Money makers

Not long ago, there was a wine tasting @LucFineFoods and I decided to make Simon Hopkinson’s Parmesan biscuits. These have the usual advantage of being egg-free (if you skip the final glaze), and they pack a fantastic amount of taste.

Since then, these have been very much in demand both at home and at work (my day-job, that is).

My tweaks:
– For consistency, I have decided that the “pinch” of cayenne is a level 1/4 teaspoon.
– I don’t do the final glazing and sprinkling anymore.
– I make a double batch of dough, roll it up into a 5cm-thick cylinder and wrap it in cling film. I keep that in the coldest part of my fridge, and make slices as and when needed (at least twice a week, nowadays).
– Take out of the oven when the centre is still paler than the edges.

Recipe: Snickerdoodles

I first encountered the American author Jean Johnson online through her very steamy Harry Potter fanfiction. Yeah, I know. So sue me.

She and I happen to have the same birthday. I became one of her beta readers for her fanfiction, then for her fantasy/romance novels. Despite having a 9-hour time difference between us, we chatted online through my mornings and her late nights. We finally managed to meet for real a few years ago during the World Science Fiction Convention in London.

But back to our subject: to celebrate chapter 100 of one of her fanfictions, Jean included a recipe for her favourite biscuits, I mean, cookies: Snickerdoodles. These are nicely rounded, rather soft in the middle, and covered in crunchy spiced sugar.


Here is her recipe, translated to British English:


3 ¼ cups sifted plain flour
½ teaspoon salt
1 teaspoon bicarb of soda
1 teaspoon cinnamon
1 ½ cups light brown sugar
3 eggs, well beaten
1 cup hazel nuts, coarsely chopped (optional)
1 cup butter

½ cup granulated sugar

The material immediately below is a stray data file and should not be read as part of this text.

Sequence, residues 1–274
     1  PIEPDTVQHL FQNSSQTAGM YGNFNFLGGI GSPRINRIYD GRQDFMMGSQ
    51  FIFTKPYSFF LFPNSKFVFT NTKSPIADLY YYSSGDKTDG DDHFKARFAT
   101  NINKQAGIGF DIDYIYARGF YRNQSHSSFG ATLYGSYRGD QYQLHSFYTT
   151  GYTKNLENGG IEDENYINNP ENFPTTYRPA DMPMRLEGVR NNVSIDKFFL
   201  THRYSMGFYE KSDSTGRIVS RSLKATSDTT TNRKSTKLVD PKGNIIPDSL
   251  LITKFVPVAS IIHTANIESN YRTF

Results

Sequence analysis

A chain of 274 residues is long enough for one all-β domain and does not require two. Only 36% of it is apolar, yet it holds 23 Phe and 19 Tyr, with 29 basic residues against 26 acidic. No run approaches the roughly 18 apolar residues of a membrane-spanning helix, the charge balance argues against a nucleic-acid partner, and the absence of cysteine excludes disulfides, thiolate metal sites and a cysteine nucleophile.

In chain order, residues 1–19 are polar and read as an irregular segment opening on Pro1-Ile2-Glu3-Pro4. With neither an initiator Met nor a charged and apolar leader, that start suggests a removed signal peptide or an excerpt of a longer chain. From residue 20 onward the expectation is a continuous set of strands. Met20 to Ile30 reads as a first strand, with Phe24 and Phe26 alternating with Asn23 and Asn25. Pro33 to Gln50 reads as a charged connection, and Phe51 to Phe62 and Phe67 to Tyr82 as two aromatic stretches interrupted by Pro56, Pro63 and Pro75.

½ teaspoon cinnamon
1 dash of nutmeg

Preheat oven to 180° C.
Thoroughly sift together flour, salt, bicarb of soda, and 1 tsp cinnamon. Set aside.

Melt the butter, add the sugar and mix. Beat the eggs into the butter-sugar mixture thoroughly. Stir into the flour until you get an homogeneous dough.

Mix together the remaining ½ cup sugar, ½ tsp cinnamon, and dash of nutmeg in a shallow dish.

With a teaspoon, take a walnut-sized lump of dough. Roll it between your hands  into a ball, and dredge in the sugar mixture. Cook 10 to 13 minutes on a greased baking tray (or non-stick baking parchment). Cool on a wire rack.



For lack of a pot

The weather yesterday was so wet and windy and dreary I thought I would make this Chetna Makan recipe. But things went against me: nor rhubarb left in the shop by the time I got there. So I decided I would improvise, and change the fruit compote to a mango, orange and raspberry medley.

I had the pudding bowl out, the compote made, when I discovered that I couldn’t for the life of me get my hands on my big soup pot. It’s hiding somewhere. Since the other pot was in use by one of my lodgers, I changed plans.

This morning, I made biscuits. Actually, I made cookies and biscotti, to speak in their original languages. But both recipes have something in common: the balls of dough are rolled in sugar before baking.

The cookies are snickerdoodles, delicately flavoured with cinnamon both in the dough and in the rolling sugar.